In the past, Oman has been my weekend jaunt, tacked on the back of a Dubai trip. This February, I extended for a fabulous ten days. And I’m now convinced that Oman is the best place for a gentle introduction to the Middle East. Why?
1. Because you are welcome.
The wise leadership of Sultan Qaboos bin Said has created the Arabian Success Story. He manages Oman’s prosperity with a generous heart toward the welfare of his people. He models the virtues of openness and respect for all. And when you visit this oasis of tranquility, you will see why the Omanis love their Sultan.
When you enter Qurm Park, you immediately see a large sign that says FREE, which reminds you that you didn’t pay to enter. The Sultan wants everyone to have access to Muscat’s amenities.
Unlike Dubai, where the only Emirati you see has just blown past you in his Maserati, the Omani people are everywhere. They speak English, smile and greet you, and answer your touristy questions.
Go to the beach at five o’clock, and you will see friendly soccer games and family gatherings. This father, dressed in traditional dishdasha, leads his hoverboard-propelled son in search of the perfect spot to enjoy a balmy evening on the beach near the Hyatt Hotel.
3. Because desert camping is epic.
The Arabian Oryx Desert Camp offers family cabins with three air-conditioned bedrooms.
Sand dune sledding at sunset is incredible, even though it was no small trek to race the sun to the top of the dune in order to get these shots.
4. Because the hiking leads you through breath-taking canyons and mountains.
Every Oman travel site recommends Wadi Shab. Yet it’s still free, after a 1 Rial boat trip to the trail head. A leisurely stroll beside a lazy stream with grey herons, great egrets and cute donkeys is just a tease. Within minutes, hiking Wadi Shab gets serious. The rust and gold rock walls narrow into a slot canyon and challenge you to climb and scramble over rocks and between boulders for almost an hour till you finally earn a much needed dip in the emerald pools.
As much as you need to watch your step, you must stop and admire the stunning, unspoiled nature along the way, your up-close-and-personal introduction to Oman’s rugged geography.
When you arrive at the pools, you shed your hiking clothes on the bank, put your iPhone in a waterproof cover, and swim the rest of the route. Along the way, you pause to watch brave souls jump from cliffs.
Finally you arrive at the cave, where awesome beauty is a well-deserved payoff for your long trek.
If crawling over rocks is not your thing, travel a few more miles down the road to Wadi Tiwi, where you can drive through a beautiful deep canyon almost all the way to the pools.
But even a leisurely stroll along the Corniche can be very entertaining.
In the harbor sits one of the yachts belonging to Sultan Qaboos. The Al Said is the world’s third largest private yacht, able to accommodate 70 guests and 154 crew. In front of the yacht is the royal dhow.
Meticulously landscaped gardens, designed hedges, and topiaries line the other side of the Corniche, which technically is a winding walkway between a waterfront and a steep hill.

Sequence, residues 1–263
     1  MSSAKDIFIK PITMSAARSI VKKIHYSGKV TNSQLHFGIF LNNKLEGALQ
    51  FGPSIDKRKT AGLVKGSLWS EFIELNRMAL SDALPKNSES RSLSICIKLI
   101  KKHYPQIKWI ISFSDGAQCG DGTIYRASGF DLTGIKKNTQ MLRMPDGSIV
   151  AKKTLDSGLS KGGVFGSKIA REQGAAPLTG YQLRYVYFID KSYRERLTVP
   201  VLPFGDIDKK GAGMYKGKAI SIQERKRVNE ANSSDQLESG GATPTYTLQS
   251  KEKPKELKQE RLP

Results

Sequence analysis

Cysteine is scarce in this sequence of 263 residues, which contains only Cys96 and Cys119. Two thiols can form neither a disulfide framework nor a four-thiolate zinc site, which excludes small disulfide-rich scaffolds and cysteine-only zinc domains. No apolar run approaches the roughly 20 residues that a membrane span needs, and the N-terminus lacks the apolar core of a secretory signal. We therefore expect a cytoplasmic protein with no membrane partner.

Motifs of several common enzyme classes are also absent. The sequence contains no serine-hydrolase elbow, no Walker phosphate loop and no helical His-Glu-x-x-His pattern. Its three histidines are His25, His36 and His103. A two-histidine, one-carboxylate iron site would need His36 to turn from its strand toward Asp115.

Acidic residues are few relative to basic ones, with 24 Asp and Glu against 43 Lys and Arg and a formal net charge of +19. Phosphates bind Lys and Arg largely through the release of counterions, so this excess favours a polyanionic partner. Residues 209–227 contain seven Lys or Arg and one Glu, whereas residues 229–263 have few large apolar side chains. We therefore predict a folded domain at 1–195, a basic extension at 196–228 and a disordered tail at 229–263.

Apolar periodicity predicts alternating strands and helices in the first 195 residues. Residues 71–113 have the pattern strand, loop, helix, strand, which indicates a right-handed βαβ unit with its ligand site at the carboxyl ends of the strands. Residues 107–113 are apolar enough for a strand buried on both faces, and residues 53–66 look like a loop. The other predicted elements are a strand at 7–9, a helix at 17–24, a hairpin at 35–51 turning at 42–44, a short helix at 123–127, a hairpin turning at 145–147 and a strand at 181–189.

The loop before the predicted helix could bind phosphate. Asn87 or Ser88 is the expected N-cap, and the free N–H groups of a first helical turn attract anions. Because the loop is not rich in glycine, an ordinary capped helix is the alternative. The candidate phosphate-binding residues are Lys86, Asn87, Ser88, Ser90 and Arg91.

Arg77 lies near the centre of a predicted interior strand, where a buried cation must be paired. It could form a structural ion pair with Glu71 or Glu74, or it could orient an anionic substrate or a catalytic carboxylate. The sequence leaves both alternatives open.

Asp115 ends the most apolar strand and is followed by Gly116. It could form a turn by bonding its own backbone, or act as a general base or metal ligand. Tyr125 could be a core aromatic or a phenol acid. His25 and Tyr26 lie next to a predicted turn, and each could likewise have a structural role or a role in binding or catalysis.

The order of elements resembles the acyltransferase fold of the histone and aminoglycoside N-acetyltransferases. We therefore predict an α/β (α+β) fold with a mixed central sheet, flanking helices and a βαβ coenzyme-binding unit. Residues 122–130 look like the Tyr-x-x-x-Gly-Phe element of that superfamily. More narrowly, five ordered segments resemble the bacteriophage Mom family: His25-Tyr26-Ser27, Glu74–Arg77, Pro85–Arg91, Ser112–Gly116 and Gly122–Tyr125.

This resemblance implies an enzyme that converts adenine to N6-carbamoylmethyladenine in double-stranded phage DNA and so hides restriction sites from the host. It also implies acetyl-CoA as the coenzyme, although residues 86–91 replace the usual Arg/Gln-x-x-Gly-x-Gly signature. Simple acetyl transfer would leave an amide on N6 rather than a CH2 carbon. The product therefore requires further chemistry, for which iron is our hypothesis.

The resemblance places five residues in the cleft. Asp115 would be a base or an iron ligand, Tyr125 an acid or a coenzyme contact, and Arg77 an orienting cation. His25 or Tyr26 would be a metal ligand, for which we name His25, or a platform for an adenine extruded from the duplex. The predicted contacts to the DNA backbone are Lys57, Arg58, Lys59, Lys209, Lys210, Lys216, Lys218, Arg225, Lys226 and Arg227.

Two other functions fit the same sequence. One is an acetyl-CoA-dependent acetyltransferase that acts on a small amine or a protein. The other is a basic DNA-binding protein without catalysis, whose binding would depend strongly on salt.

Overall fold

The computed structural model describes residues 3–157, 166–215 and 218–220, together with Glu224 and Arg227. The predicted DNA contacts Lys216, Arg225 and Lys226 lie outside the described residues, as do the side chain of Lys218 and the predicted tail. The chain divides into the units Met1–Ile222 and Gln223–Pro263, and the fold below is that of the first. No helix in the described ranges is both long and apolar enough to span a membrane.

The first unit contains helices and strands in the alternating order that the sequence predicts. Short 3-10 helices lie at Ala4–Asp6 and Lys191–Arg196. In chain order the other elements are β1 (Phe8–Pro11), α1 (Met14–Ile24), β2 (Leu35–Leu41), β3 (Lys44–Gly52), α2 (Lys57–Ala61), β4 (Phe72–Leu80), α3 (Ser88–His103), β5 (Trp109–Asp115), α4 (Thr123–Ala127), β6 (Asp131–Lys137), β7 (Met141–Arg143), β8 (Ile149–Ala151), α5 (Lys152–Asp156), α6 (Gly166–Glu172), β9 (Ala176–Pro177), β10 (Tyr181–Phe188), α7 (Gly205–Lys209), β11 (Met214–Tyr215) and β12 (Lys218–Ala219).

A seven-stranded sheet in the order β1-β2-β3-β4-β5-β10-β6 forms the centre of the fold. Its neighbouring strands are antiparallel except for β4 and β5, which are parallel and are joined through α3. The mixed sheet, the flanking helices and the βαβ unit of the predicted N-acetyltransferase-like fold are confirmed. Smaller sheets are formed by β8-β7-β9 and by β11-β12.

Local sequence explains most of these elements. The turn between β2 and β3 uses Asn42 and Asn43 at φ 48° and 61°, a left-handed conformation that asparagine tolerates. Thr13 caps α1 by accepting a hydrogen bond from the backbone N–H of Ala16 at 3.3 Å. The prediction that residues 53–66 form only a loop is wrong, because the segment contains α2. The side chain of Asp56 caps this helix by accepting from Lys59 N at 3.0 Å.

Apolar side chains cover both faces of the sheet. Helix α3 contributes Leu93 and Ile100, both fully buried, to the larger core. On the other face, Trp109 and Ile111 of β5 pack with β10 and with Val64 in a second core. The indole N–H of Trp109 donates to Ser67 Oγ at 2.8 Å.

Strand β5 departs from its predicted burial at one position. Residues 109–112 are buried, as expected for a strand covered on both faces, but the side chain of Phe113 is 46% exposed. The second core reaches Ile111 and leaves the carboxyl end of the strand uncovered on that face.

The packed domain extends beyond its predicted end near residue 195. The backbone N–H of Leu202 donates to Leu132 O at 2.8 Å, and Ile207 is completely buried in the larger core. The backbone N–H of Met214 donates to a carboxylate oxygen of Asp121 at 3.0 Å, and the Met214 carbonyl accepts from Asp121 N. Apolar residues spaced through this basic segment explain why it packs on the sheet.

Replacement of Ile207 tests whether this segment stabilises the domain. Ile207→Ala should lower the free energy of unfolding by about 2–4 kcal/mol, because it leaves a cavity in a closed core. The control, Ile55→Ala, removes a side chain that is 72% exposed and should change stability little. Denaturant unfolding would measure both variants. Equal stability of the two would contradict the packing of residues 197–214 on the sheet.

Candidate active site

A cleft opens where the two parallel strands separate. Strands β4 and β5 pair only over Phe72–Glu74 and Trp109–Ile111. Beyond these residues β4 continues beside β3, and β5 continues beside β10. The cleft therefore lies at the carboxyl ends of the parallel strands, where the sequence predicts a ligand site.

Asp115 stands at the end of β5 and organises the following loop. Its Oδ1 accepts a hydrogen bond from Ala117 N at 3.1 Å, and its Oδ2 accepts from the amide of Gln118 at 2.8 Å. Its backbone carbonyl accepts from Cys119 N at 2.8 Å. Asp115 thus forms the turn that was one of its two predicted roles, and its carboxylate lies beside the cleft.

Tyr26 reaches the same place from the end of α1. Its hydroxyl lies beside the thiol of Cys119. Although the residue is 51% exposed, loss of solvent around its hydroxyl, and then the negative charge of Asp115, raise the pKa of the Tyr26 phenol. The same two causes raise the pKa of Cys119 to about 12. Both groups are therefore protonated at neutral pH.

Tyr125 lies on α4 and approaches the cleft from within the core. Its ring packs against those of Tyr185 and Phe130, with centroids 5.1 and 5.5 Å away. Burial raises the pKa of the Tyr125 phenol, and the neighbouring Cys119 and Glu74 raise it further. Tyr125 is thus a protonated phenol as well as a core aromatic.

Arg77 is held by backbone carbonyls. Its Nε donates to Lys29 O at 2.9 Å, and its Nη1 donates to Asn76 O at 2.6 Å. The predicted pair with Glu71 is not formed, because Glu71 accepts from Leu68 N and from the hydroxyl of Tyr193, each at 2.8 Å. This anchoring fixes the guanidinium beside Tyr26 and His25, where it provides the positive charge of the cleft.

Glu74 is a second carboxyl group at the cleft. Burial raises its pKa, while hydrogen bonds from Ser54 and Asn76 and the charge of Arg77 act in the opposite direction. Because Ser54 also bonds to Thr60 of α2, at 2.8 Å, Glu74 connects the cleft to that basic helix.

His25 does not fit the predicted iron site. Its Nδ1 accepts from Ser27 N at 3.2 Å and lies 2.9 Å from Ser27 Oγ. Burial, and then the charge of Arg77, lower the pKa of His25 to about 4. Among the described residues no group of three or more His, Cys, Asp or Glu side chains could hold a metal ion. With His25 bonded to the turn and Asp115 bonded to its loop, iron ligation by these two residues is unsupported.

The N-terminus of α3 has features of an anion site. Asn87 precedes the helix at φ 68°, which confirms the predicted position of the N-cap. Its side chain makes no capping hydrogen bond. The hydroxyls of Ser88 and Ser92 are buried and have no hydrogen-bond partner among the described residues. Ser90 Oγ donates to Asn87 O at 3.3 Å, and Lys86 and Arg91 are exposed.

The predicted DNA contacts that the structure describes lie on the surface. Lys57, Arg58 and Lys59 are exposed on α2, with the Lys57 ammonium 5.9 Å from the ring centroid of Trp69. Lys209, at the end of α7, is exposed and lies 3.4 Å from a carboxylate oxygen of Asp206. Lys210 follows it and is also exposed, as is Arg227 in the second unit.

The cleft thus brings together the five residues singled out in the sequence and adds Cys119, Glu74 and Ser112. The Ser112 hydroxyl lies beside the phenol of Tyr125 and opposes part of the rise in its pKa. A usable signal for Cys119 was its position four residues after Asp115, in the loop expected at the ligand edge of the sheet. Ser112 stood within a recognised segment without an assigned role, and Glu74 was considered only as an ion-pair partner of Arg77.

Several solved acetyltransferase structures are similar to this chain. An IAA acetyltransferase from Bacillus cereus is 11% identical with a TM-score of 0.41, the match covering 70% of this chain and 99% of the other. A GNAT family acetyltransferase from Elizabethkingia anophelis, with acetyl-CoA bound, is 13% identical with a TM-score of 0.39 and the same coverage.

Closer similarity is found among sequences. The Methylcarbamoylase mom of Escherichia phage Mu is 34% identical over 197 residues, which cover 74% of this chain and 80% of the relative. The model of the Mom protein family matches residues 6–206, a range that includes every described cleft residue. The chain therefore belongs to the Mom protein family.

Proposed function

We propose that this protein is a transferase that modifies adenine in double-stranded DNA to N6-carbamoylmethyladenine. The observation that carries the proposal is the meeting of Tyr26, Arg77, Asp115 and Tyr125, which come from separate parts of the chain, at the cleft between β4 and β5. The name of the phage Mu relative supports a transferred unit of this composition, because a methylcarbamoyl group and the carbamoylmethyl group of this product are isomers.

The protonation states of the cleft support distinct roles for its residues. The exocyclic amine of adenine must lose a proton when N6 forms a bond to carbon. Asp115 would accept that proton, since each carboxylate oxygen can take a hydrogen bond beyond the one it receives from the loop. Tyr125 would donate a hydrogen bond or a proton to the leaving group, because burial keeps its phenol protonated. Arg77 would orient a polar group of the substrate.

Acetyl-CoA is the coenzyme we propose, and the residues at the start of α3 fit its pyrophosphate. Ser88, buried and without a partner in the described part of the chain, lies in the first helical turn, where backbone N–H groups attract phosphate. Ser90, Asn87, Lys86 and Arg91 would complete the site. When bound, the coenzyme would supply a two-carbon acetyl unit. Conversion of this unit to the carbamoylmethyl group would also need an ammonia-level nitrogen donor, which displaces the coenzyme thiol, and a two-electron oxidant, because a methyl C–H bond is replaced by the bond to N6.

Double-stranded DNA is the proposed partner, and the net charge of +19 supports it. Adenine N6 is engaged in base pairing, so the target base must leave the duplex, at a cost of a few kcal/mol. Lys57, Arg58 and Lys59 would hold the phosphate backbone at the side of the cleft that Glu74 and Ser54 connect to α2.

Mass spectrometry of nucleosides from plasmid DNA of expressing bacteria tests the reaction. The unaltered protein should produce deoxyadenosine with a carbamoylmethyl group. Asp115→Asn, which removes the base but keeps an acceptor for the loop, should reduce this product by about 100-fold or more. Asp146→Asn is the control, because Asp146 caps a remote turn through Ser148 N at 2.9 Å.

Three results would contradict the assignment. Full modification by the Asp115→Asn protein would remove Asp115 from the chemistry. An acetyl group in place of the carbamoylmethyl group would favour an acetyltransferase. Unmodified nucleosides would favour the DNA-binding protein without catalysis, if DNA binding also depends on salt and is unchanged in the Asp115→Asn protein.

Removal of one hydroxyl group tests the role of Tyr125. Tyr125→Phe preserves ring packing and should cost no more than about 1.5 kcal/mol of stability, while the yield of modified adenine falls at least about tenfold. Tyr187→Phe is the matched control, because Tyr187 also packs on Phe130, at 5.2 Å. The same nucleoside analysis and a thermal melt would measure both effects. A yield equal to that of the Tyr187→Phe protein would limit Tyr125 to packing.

5. Because bike tourism is growing.
An Adventure Tourism company brought mountain bikers to overnight at our desert campsite.
The annual Tour of Oman featured two teams from the United States, as well as the 2014 Tour de France winner, Vincenzo Nibali. It’s a grueling course with warm weather and steep hills, and Nibali won again.
Here we are cheering on the leaders of stage five on the course between the Marina and the Al Bustan Palace Hotel.
And then watch the rest of the pack whiz by about six minutes later.
6. Because the birding introduces you to species you won’t see in the West.
Especially if you come in late summer, and particularly if you fly south to Salalah. Oman has about 525 species of birds, many of which are common only in the vicinity of West Asia and Africa. We enjoyed watching the the sea eagles, red wattled lapwings and grey herons at the beach, but someday we may fly south to add four other species of heron to our life bird list.
7. Because the culture is interesting yet not overwhelming for the foreigner.
Once made of straw and mud, the Muttrah Souq is Muscat’s original market. Today it is a rabbit warren of tourist shops, only crowded when cruise ships are in port. Unlike other markets around the world, the vendors at Muttrah are not aggressive. Most of the products are Indian or are knock-offs. But some traditions live on.
You can still find frankincense as well as frankincense burners and Omani-style gold.
Non-Muslims can visit the huge Sultan Qaboos Grand Mosque (at no cost) on Thursday mornings between 9:00 and 11:00. Less than ten-years-old, it’s modern and beautiful. And you’ll especially appreciate the fourteen-foot Tiffany crystal chandelier. (See this blog site in March for more information.)
8. Because the beaches are beautiful and entertaining.
As a matter of fact, there is so much to do at the beach—swimming, snorkeling, diving, cruising, camping, people-watching, birdwatching, dolphin and whale watching, five-star-hotel living—that I’m going to turn that topic into its own blog. For the best part of Oman, you gotta come back here next week.
Even wonderful leaders like Sultan Qaboos don’t live forever. And since he has no heir, it’s hard to say what will result when he eventually passes. In addition, the Omanis know that their oil reserve is limited, so they are scrambling to build their tourism industry as an alternate economy when the time comes. At present the oil/tourism partnership is flourishing. So visit Oman now while it enjoys this golden age of peace and stability.
For more photos and videos, go to my Facebook page, Nancy Adair Writer.
For a fun video with two young Seattle guys in Oman, link to youtube.
Feature image is from Monica Adair.